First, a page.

Double extortion ransomware pushes average payments close to $1 million
As the average payment approaches the landmark figure, experts reflect on times when the going rate was just $500
The average ransomware payment has risen 71% this year and is close to reaching $1 million, experts have said.
In ransomware cases that have been assisted by incident responders at cyber security company Unit 42 of Palo Alto Networks, the average ransom paid was $925,162 in the first five months of 2022.
This represents a steep and “startling” rise from figures of previous years when average ransom payments were $541,009 and $303,756 in 2021 and 2020 respectively, said Ryan Olson, vice president of threat intelligence at Unit 42 in a blog post.
As recently as 2016, the company’s incident responders were seeing payments of just $500, and the rise of double extortion models has placed added pressure on organisations to pay ransom demands.
Double extortion ransomware has become a popular operational model in recent years as companies are increasingly vigilant to ransomware attacks and are keeping better backups to avoid having to pay ransom demands.
The model sees attackers infecting a corporate network with ransomware, locking users out of machines as usual, but exfiltrates sensitive data before the infection chain begins, threatening to leak the data if the ransom isn’t paid.
This places additional pressure on companies to maintain their reputation with customers and from a regulatory perspective for companies bound by stringent data protection laws like GDPR.
“Details of about seven new victims on average are posted each day on the dark web leak sites that ransomware gangs use to coerce victims into paying ransoms,” said Olson. “The rate of double extortion we’ve observed translates into one new victim every three to four hours.
“The cyber extortion crisis continues because cybercriminals have been relentless in their introduction of increasingly sophisticated attack tools, extortion techniques and marketing campaigns that have fueled this unprecedented, global digital crime spree,” he added. “Their ransomware-as-a-service (RaaS) business model has at the same time lowered the technical bar for entry by making these powerful tools accessible to wannabe cyber extortionists with easy-to-use interfaces and online support.”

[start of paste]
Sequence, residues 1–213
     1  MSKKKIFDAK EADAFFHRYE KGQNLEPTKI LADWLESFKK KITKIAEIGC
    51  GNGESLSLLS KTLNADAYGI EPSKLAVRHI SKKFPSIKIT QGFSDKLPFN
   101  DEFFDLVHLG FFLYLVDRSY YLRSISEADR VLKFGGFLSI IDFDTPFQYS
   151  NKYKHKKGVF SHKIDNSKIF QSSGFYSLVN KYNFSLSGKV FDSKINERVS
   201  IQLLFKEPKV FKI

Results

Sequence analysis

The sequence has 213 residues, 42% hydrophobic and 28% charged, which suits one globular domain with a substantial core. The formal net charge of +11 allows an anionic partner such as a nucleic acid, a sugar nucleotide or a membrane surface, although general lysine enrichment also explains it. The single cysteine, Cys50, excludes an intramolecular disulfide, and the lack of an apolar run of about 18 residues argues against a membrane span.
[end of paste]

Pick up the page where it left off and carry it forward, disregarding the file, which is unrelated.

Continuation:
Unit 42 has observed two instances of multi-million-dollar ransoms being paid this year, driven by the success of the Quantum Locker and LockBit 2.0 ransomware operations.
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Companies that could be put out of business if they don’t pay the ransom will continue to be targeted, the researcher said, and it’s in these cases where the huge ransom demands will again be issued.
Olson cited Costa Rica as an example of how devastating ransomware can still be in 2022, five years on from WannaCry and six years after the average ransom demand was in the region of $500 - a pittance in today’s threat landscape.
The country has declared a state of emergency after it sustained an attack from the Conti ransomware and has since had a second ransomware gang targeting the country, this time focusing on its health service.
According to a separate report from Digital Shadows, the first quarter of 2022 saw a 25% decrease in ransomware activity compared to the previous quarter.
The company said the decrease in activity could be a result of a less prominent threat of the larger, more organised ransomware groups that have shuttered in recent months, such as REvil and BlackMatter.
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